You know you want it. Ever since the Kinect was announced back when it was code-named Project Natal you know you were thinking “I could do cool things with that device.” Maybe you have been playing with the unofficial SDF for a while as well. But you know that for serious educational or research purposes you want a supported software development kit. You know, something with documentation and sample code. Well at MIX 11 this week Microsoft showed off some of what the supported SDK is going to be capable of. The people at Channel 9 showed off some demos of Kinect for Windows. The following video is about 20 minutes long and you want to watch it all. There is a mix of the serious – using the Kinect to help the blind navigate and soaring through the universe with the Worldwide Telescope. And the not so serious. Some simple games and a Kinect controlled robotic reclining chair. The chair was built my my friend the amazing Clint Rutkas BTW. If this doesn’t get you started thinking “How can I use Kinect projects to get students doing exciting and interesting things?” I don’t know what will.
You can got to http://research.microsoft.com/kinectsdk now and subscribe to the RSS feed for the latest news on the Kinect For Windows SDK. I’m signed up and looking forward to it. but of course you want more information now. From the Microsoft Research Connections blog here are some details:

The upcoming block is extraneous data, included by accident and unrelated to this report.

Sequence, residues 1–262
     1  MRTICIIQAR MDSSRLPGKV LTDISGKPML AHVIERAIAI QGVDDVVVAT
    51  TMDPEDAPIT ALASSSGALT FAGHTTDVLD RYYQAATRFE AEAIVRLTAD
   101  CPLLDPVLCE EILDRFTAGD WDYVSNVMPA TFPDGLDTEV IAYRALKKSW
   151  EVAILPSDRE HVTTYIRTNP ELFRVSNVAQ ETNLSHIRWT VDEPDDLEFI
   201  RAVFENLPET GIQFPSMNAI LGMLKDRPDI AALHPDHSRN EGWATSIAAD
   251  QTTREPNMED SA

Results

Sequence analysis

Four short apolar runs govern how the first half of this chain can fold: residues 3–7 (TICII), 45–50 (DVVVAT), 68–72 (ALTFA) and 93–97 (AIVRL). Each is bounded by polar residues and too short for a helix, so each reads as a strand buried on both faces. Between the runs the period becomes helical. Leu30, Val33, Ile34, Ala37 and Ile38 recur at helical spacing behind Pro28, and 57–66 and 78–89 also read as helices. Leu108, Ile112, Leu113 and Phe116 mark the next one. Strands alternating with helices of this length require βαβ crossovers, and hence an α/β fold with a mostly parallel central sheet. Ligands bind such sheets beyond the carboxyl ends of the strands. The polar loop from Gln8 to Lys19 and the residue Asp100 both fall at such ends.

Here are a few details on each of the SDK’s ground-breaking NUI features:
- Robust skeletal tracking will provide high-performance capabilities for tracking the skeletal image of one or two people moving within the Kinect field of view.
- Advanced audio will enable great sound capabilities by using a four-element microphone array with sophisticated acoustic noise and echo cancellation. The advanced audio will also include beam formation to identify the sound source and integration with the Windows speech recognition API.
- XYZ depth camera will provide a standard color camera stream along with depth data indicating the distance of the object from the Kinect camera. This will give developers access to the raw data and enable the creation of novel interfaces by using the unaltered data.
And of course there will be
- Documentation for the APIs and a description of the SDK architecture.
- Sample code that demonstrates how to use the functionality in the SDK.
This SDK is intended for non-commercial use to enable experimentation in the world of natural user interface experiences, with new state-of-the-art features planned for future releases that will continue to provide new ways to experiment.